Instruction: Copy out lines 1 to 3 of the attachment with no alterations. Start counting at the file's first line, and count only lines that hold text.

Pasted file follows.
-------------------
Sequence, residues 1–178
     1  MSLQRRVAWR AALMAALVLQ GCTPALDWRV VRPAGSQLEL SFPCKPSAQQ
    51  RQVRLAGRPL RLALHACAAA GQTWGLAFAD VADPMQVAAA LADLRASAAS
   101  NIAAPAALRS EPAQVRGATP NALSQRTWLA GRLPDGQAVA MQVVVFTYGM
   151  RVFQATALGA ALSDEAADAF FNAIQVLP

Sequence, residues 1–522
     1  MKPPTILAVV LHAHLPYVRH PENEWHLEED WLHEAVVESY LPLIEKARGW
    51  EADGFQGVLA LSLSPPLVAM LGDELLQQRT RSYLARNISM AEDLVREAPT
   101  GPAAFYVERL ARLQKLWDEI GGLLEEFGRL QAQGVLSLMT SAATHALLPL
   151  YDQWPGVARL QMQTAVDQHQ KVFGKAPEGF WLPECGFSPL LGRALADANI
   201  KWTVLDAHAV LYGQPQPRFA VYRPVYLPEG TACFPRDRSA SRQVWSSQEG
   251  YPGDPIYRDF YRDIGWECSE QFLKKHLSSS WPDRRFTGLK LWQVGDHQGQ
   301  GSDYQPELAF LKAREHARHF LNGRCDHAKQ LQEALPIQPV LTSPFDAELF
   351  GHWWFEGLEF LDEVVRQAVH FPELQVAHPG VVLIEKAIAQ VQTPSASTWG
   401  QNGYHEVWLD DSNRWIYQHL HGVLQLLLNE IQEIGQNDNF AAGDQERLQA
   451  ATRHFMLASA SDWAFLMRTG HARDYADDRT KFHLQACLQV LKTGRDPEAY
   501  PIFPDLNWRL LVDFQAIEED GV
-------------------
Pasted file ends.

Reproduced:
Sequence, residues 1–178
     1  MSLQRRVAWR AALMAALVLQ GCTPALDWRV VRPAGSQLEL SFPCKPSAQQ
    51  RQVRLAGRPL RLALHACAAA GQTWGLAFAD VADPMQVAAA LADLRASAAS